Gorsuch: No, I Didn’t Suggest Women ‘Manipulate’ Maternity Leave

AP

During his confirmation hearing Tuesday, Supreme Court nominee Neil Gorsuch was asked to address an allegation in recent days that he suggested to a law school class that women manipulate maternity leave to take advantage of employers.

Gorsuch was pressed by Sen. Dick Durbin (D-IL) on a letter by one of Gorsuch’s former students to the Senate Judiciary Committee which emerged over the weekend.

“Did you ask your students in class that day to raise their hands if they knew of a woman who had taken maternity benefits from a company and then left the company after having a baby?” Sen. Dick Durbin (D-IL) asked Gorsuch during his confirmation hearing.

“No, Senator, and I’d be delighted to actually clear this up,” Gorsuch replied. “The first I heard of this was the night before my confirmation hearing.”

Gorsuch said on Tuesday that an ethics hypothetical involving maternity leave was contained in a “standard textbook” he used while teaching legal ethics at the University of Colorado. He offered to share a copy of the text and the teacher’s manual with Durbin.

He said that the textbook contains a question “directed to young women” lawyers about a situation they may face as interviewees.

“The problem is this. Suppose an older partner woman at the firm that you’re interviewing at asks you if you intend to become pregnant soon. What are your choices as a young person?” Gorsuch said.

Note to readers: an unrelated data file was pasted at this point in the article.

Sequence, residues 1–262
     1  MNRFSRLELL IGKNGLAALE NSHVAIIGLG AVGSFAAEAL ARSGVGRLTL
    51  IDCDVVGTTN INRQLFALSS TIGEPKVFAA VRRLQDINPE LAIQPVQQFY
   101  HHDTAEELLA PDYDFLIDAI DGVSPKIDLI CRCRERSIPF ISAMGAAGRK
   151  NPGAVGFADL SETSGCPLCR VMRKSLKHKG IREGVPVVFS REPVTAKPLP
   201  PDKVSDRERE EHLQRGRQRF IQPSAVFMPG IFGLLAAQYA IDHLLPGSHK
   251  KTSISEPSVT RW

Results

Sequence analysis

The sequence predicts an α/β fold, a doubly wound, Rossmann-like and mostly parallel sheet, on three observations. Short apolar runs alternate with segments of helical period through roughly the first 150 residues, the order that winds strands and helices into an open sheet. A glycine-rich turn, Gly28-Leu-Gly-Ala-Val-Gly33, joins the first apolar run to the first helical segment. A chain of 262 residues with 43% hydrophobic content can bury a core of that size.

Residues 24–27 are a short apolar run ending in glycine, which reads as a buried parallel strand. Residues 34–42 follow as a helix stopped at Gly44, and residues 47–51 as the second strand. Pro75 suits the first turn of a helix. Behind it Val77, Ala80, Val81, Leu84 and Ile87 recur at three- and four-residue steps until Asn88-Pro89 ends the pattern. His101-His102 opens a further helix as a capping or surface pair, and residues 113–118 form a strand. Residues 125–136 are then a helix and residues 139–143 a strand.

Gorsuch said that he and his students discussed “the pros and the cons in a Socratic dialogue that they can think through for themselves how they might answer that very difficult question.”

“I do ask for a show of hands not about the question you asked, but about the following question, and I ask it of everybody: How many of you have had questions like this asked of you in the employment environment? An inappropriate question about your family planning?” Gorsuch said.

He said that he is “shocked every year” by the number of women who raise their hands in answer to the question.

“It’s disturbing to me. I knew this stuff happened when my mom was a young practicing lawyer, graduating law school in the 1960s. At age 20 she had to wait for a year to take the bar. I knew it happened with Justice O’Connor, couldn’t get a job as a lawyer when she graduated Stanford Law School and had to work as a secretary,” Gorsuch said, referring to retired Supreme Court Justice Sandra Day O’Connor. “I am shocked it still happens every year that I get women, not men, raising their hand to that question. Thank you for the opportunity to clarify that.”

ABOUT THE AUTHOR

Esme Cribb is a newswriter for TPM in New York City. She can be found on Twitter @emquiry and reached by email at esme@talkingpointsmemo.com.
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